Authors: Pavel Novoa-Hernández; Carlos Cruz Corona; David A. Pelta
Addresses: Department of Mathematics, University of Holguin, Holguin, Cuba ' Department of Computer Science and Artificial Intelligence, Center for Research in Information and Communication Technologies (CITIC-UGR), University of Granada, Granada, Spain ' Department of Computer Science and Artificial Intelligence, Center for Research in Information and Communication Technologies (CITIC-UGR), University of Granada, Granada, Spain
Abstract: Self-adaptation is a popular parameter control technique in evolutionary computation, which has been extensively studied in stationary optimisation. In the context of dynamic optimisation problems (DOPs), there are research works that suggest the application of such technique. Nevertheless, some important issues remain open, for example, how self-adaptation can be more profitable for a given algorithm. From the survey we made, it is possible to distinguish three main application levels of self-adaptation in dynamic environments: metaheuristic level, 'mechanism for DOPs' level, and the combination of both. While most of the related works belong to the first level, a small number can be grouped in the second one. However, in contrast to previous two, unfortunately, very little or nothing has been done with the third one. Based on these motivations, in this paper we empirically analysed the role of several self-adaptive models in these levels using multipopulation differential evolution algorithms as baseline. The results suggest that self-adaptation has a significant impact when applied at least to the 'mechanism for DOPs' level.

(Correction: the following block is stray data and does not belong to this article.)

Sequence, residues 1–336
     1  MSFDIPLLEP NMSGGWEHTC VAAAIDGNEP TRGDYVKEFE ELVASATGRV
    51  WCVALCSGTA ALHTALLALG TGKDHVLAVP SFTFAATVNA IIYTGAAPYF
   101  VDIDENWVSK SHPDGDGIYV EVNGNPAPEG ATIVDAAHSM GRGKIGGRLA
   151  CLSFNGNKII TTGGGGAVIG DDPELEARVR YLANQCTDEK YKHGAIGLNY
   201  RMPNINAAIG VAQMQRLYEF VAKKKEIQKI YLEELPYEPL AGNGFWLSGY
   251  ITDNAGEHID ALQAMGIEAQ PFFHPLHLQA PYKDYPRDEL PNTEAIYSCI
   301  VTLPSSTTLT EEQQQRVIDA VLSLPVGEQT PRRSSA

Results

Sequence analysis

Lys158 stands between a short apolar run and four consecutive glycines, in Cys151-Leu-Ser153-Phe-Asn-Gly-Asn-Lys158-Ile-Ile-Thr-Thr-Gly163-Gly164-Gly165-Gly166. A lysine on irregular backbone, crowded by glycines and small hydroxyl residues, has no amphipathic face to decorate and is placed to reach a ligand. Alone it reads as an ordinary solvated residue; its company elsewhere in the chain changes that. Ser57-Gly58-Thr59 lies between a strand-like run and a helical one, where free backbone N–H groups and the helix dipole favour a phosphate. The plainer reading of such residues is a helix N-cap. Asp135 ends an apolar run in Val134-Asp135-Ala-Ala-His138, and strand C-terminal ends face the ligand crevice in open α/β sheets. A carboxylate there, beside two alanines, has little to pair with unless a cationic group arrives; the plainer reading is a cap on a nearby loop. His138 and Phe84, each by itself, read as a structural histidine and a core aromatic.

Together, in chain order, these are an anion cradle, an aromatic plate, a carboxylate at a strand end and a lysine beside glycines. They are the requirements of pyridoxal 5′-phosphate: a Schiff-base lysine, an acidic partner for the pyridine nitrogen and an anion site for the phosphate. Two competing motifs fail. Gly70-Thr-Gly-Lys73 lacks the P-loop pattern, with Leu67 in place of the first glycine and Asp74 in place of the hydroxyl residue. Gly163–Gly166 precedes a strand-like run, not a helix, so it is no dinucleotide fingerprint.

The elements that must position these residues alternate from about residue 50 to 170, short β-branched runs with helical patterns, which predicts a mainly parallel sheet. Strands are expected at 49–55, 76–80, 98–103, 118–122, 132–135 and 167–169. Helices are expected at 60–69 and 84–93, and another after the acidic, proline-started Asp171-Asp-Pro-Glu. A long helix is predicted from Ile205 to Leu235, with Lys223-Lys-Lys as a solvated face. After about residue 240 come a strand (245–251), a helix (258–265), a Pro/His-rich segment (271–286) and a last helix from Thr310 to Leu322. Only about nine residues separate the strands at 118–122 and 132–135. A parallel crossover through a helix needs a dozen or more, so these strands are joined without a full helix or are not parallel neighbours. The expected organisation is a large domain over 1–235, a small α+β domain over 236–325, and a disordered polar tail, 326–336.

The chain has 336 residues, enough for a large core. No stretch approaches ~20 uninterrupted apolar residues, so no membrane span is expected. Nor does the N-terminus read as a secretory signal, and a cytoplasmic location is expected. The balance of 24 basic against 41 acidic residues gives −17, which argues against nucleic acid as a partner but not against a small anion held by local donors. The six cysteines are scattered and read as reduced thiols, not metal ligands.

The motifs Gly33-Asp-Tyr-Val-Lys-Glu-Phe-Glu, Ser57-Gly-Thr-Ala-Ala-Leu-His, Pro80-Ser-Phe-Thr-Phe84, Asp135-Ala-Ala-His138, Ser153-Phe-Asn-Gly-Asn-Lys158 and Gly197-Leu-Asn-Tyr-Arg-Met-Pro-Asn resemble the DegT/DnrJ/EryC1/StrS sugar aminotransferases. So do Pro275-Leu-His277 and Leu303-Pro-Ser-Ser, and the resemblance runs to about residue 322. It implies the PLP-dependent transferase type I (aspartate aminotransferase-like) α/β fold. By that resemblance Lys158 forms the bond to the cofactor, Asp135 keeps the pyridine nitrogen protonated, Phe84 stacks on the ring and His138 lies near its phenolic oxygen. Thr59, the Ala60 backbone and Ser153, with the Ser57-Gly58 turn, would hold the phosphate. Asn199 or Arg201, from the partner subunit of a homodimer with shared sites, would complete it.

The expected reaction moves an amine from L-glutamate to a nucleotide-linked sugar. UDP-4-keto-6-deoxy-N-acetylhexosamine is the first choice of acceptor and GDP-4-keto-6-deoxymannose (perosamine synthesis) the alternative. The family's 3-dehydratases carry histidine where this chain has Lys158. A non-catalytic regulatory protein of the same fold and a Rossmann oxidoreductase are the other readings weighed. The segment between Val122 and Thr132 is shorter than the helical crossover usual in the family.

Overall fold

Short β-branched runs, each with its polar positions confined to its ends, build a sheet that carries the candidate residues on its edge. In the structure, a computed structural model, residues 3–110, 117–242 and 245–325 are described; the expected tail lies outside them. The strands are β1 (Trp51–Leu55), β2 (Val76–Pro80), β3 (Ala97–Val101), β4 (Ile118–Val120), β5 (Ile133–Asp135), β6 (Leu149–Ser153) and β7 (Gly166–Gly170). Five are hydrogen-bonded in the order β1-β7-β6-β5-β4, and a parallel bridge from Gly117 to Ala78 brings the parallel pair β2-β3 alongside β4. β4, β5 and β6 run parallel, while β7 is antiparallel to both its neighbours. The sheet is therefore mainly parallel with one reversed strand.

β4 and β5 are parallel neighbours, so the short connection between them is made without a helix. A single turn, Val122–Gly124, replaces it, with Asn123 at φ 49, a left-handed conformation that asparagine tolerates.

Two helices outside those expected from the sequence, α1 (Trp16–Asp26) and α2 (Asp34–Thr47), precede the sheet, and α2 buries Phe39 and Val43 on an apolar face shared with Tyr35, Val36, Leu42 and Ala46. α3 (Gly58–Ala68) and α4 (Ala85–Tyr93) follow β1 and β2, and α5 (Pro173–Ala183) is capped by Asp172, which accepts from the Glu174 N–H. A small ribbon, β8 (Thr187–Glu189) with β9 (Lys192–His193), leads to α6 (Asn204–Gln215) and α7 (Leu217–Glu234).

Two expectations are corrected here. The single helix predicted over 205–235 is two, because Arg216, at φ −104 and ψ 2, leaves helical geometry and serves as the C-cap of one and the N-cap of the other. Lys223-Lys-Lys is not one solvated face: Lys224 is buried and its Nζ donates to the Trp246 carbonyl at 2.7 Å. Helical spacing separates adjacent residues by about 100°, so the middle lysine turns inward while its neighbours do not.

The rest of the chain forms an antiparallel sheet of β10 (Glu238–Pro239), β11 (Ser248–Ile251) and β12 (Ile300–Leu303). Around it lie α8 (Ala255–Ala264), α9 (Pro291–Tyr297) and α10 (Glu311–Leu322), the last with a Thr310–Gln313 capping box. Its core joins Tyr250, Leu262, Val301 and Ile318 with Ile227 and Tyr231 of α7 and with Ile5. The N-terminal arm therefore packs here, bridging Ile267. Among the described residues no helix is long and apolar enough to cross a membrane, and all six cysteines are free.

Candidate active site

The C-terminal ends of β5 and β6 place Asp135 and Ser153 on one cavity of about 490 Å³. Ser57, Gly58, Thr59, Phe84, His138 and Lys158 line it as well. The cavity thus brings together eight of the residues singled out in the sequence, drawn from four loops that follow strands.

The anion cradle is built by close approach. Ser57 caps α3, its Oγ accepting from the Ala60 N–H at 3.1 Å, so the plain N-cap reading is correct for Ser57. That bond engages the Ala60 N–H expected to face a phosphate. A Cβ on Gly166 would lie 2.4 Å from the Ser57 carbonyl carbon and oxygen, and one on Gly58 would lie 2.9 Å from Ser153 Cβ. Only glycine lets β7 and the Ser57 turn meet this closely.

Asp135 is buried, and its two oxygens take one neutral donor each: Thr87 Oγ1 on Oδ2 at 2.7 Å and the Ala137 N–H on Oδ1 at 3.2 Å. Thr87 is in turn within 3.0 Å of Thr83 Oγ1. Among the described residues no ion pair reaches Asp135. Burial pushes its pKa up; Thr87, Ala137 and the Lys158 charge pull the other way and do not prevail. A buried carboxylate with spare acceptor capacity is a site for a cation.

Keywords: self-adaptation; dynamic optimisation; differential evolution; bio-inspired algorithms; parameter control; evolutionary computation; self-adaptive models.
International Journal of Bio-Inspired Computation, 2016 Vol.8 No.1, pp.1 - 13
Available online: 09 Feb 2016 *Full-text access for editors Access for subscribers Purchase this article Comment on this article